Trouble in the Text
Grace to you and peace from God our Father and our Lord and Savior, Jesus Christ. Amen. “Arise, shine, for your light has come, and the glory of the LORD has risen upon you” (Isa. 60:1, ESV). This rousing rally is the first verse of our Old Testament lesson today—and the theme verse for our congregation’s 20th anniversary celebration. “Arise, shine, for your light has come!” These wonderful words come after several chapters (57-59) in which Yahweh, the LORD God of Israel, calls Israel and Judah to repentance because of their idolatry, oppression of the poor, religious hypocrisy, and perverted “justice.” He reprimands them for fasting and then complaining their prayers are not answered while they let the poor go hungry and naked in the streets. He accuses them of lies, perjury, violence, and oppression. He chides them for failure to turn from their sin and return to him for mercy.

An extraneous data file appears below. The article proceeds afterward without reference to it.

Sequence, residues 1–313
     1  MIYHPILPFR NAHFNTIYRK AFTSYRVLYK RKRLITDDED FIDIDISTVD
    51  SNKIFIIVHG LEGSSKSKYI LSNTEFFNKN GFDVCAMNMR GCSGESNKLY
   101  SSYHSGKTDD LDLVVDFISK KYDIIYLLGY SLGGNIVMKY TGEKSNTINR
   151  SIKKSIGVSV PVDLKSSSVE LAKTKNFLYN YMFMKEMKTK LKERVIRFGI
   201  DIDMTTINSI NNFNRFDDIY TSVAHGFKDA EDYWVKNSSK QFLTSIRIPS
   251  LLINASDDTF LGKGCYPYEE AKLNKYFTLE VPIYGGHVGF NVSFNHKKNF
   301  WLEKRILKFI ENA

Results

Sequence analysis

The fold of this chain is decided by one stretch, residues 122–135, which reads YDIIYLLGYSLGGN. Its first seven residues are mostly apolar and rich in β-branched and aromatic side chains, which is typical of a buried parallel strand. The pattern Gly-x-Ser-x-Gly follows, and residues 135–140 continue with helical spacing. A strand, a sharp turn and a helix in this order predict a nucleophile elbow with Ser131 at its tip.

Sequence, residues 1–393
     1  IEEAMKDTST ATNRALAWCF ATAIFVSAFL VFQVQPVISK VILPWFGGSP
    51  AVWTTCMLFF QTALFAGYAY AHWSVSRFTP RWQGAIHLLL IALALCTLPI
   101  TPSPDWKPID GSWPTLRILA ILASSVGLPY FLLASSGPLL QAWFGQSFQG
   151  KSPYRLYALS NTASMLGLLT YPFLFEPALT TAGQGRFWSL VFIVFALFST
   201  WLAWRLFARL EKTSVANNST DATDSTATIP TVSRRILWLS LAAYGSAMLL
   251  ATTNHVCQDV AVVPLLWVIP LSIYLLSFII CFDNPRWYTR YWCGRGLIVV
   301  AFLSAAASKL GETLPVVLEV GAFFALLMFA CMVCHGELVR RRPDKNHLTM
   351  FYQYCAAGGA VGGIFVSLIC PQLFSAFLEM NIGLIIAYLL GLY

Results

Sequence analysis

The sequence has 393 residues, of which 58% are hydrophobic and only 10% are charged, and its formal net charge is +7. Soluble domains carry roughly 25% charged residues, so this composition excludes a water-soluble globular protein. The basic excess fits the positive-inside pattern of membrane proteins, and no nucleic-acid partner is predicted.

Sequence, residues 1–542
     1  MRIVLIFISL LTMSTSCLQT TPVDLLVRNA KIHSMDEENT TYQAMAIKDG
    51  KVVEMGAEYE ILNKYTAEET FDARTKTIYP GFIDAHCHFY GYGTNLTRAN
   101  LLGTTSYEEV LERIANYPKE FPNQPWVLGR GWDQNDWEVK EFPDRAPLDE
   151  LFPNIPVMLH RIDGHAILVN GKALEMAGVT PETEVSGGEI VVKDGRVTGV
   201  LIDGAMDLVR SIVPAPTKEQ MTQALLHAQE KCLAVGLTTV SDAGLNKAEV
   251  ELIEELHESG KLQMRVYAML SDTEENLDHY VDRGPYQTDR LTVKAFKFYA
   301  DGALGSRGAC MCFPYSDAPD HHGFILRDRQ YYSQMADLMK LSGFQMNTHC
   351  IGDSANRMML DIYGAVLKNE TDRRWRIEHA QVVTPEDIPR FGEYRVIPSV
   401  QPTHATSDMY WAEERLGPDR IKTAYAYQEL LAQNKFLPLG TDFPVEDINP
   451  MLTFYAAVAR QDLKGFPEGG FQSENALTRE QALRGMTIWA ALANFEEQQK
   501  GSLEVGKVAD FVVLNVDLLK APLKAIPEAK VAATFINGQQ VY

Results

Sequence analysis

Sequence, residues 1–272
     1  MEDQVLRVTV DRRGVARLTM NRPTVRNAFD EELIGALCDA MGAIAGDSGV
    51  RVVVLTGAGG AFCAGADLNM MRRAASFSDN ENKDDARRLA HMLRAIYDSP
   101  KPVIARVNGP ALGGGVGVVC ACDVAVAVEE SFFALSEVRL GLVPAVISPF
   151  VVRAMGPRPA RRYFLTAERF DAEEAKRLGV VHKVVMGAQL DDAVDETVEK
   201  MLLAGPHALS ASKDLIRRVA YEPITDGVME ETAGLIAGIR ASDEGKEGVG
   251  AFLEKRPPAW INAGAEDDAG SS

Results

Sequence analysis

Speaking on Yahweh’s behalf, Isaiah describes his people like blind men stumbling in the dark:
“We hope for light; and behold darkness,
and for brightness, but we walk in gloom.
We grope for the wall like the blind;
we grope like those who have no eyes;
we stumble at noon as in the twilight,
among those in full vigor we are like dead men” (Isa. 59:9-10).
Things do not look good for God’s people. Normally, these kinds of accusations are prelude to doom and gloom, judgment and destruction, such as the fall and destruction of Jerusalem by the Babylonians in 586 B.C.
Grace in the Text
But towards the end of chapter 59, Yahweh decides to handle things differently. Rather than smiting Israel, he rescues them. God “wondered that there was no man to intercede” for his people (Isa. 59:16). And so he decides to do something about it. He girds himself as a warrior and comes to mete out justice to the oppressed and to redeem those who repent (vv. 17-21).